One of the toughest things for a coach to accept, and I don't believe it gets much better with experience, when an athlete just doesn't want to win that badly. One of my favorite lines about what makes a good coach is
"You have to be smart enough to know how to do it and dumb enough to believe it's important. "
The same is true of athletes. No matter how talented that child (or adult) is, no matter how much support from families, coaches, fans and the citizens of the Republic of Elbonia, if the athlete doesn't want it badly enough, if he or she isn't "willing to go down the stairs", you are all wasting your time trying to make that person into a champion.
When I look back on some of the people I have been mistaken about, it occurs to me that the signs were always there. It's very simple, really. You find time for what matters most to you.
Judo was my number one priority until 28 years ago when I had my first child. Before that, I spent every day at practice, ran track just as cross-training for judo, spent my junior year of college in Tokyo and if my work interfered with judo, I quit the job and found another one.
When my first baby was born, judo came second, but I really tried to manage both. As a result, Maria spent a lot of hours riding in her car seat next to me on the way to practice and tournaments while I talked to her and tried to work on her vocabulary and general information about life. She crawled around the mats most of her first two years. Seems to have worked out for her - she's got a pretty good career going as a sports writer. She was recently hired on the social media beat for ESPN. You can follow her on Twitter at @burnsortiz .
Now, I would have to say that judo is third, after my family and my business. Work takes a lot of time lately and there have even been periods when I wouldn't get to judo for an entire month, something I could not have imagined when I was in my teens or early twenties.
So what does this say to me, or anyone else, as a coach? Simply this, if you have an athlete who is not making it to practice because he or she has to work, needs to study, or is on a pilgrimage to Mount Who to meet the Grinch - it really doesn't matter the excuse they give, the fact is this, it is not that important to them.
As coaches, we try to make excuses for athletes we have put years into developing - he's just burnt out, she is just having a hard time with her boyfriend, athletes in this country just don't get enough support and have to work. All those things happen - athletes get burnt out, they have relationship problems, need to make money, need to get an education - but those who really want it make to practice, do.
If I had not competed in judo, I would have made better grades in college, I probably would have gone to a more prestigious graduate school than the University of Minnesota for my MBA. I may well have gone straight into a Ph.D. program when I finished my masters - I'd gotten accepted into two of them - but instead I went to work, so I could make money and continue competing. I'm pretty sure that I would have gotten promoted faster in my career if I hadn't insisted on taking every weekend and evening for practice instead of work. Maybe I would have started a new technology company in my twenties instead of my fifties.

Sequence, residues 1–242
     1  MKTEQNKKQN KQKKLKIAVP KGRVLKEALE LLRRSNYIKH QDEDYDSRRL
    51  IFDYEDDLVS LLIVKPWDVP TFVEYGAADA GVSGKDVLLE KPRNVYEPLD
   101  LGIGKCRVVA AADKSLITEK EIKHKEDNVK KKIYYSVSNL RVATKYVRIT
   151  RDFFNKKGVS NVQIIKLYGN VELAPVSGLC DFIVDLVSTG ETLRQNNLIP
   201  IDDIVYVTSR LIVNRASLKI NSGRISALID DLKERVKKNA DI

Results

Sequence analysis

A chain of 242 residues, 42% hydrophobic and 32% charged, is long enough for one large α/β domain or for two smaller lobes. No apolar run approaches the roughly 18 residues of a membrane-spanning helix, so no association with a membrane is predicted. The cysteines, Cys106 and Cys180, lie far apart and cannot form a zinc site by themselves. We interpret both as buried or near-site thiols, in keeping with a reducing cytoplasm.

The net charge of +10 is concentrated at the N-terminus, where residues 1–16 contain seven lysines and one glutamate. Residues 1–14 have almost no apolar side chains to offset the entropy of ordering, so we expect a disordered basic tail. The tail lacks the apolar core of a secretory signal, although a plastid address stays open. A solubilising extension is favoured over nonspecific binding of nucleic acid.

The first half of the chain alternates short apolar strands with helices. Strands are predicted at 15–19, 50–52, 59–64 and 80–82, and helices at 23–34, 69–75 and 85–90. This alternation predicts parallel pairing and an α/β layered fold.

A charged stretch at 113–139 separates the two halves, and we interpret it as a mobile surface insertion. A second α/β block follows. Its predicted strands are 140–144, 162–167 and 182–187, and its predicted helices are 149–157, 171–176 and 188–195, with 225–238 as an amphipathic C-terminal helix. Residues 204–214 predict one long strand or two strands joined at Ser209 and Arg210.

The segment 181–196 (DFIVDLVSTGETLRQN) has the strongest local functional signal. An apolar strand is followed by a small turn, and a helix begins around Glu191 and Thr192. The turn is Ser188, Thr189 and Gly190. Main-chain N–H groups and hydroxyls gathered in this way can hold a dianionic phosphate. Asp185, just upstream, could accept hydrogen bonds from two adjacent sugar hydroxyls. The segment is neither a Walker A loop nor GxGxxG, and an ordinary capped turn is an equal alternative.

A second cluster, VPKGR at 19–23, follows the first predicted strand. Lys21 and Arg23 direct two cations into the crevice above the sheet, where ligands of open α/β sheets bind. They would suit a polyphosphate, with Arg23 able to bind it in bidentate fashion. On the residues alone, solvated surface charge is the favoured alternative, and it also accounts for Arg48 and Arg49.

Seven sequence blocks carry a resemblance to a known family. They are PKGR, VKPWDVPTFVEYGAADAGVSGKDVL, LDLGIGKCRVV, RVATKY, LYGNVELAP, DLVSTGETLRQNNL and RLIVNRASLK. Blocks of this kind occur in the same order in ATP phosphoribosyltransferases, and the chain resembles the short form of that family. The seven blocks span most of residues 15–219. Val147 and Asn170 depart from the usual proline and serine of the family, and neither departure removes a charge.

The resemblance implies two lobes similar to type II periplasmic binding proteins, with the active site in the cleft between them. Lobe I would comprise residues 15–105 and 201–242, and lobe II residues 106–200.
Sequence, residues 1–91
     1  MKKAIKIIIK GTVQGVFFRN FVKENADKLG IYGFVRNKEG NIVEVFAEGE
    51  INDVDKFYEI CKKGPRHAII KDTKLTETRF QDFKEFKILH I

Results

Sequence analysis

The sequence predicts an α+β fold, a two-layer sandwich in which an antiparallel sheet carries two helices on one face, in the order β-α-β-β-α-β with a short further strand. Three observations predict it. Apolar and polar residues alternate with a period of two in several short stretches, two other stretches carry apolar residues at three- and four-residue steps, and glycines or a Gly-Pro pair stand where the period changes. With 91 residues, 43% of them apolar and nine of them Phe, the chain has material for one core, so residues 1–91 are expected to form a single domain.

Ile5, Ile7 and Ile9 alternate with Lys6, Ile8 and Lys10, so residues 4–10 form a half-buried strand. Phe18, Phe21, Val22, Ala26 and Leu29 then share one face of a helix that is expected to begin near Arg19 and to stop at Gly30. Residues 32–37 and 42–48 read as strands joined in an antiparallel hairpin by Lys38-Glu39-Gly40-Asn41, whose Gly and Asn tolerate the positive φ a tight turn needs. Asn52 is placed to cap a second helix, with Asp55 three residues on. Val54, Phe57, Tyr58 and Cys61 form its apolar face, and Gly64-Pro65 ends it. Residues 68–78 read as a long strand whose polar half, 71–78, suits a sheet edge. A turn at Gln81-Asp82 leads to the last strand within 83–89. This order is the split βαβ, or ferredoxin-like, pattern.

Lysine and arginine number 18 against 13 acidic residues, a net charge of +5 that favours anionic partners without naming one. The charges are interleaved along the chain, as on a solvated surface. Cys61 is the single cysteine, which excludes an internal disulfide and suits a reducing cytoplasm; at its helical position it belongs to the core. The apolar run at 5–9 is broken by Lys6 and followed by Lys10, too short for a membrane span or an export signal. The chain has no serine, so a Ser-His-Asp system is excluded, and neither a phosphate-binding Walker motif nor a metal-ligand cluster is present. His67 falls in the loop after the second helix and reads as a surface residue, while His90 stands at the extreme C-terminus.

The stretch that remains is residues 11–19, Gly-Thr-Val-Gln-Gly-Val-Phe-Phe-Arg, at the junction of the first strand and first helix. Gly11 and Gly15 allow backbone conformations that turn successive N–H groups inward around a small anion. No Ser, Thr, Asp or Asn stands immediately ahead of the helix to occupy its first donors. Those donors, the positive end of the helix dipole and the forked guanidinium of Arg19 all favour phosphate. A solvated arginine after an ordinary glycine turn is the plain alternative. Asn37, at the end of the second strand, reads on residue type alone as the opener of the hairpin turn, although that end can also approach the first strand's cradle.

When I say things like that, people often respond, "You certainly had to make a lot of sacrifices."
I don't know if I would call them sacrifices so much as choices. Everyone's life is a product of the choices they made. At some point, for nearly every athlete, they are no longer "dumb enough to believe it's important". They start choosing other priorities over success in competition. Make no mistake about it, if you are missing training, you are not choosing winning.
Maria told me that her favorite quote from the Sloan Sports Analytics conference last week was something like,
"What we call 'talent' is often simply the willingness to practice."
I would say that the magic number is probably three. That is, the answer to the question,
"How many times can an athlete choose something else over practice or a tournament before you decide he or she isn't serious about winning?"
As in, three times a year. If you miss practice for a week because you had surgery, that counts as one.
If you have someone who is missing practice or a tournament over three times a year for any reason, then winning is not the first thought going through that athlete's head in the morning. He or she might still win a national championships, junior nationals or regional event or eventually become a good coach. Don't fool yourself, though, that this athlete is going to go any further than that, or that gradually, more and more people who do want it won't pass this person by. If I were you, I would be aware of that before running up my credit cards to go to events to coach this person, sponsoring him or her to camps or tournaments. If an athlete can't make it to 100% of the regular practices, I wouldn't be opening up my club at special times just for him or her to practice.
I've seen this scenario played out so many times and each time I have wondered why the athlete didn't have the honesty and courage to just say flat out,
"Winning isn't that important to me."
I still don't know the answer to that but what I DO know is this, they ARE telling you, by their behavior.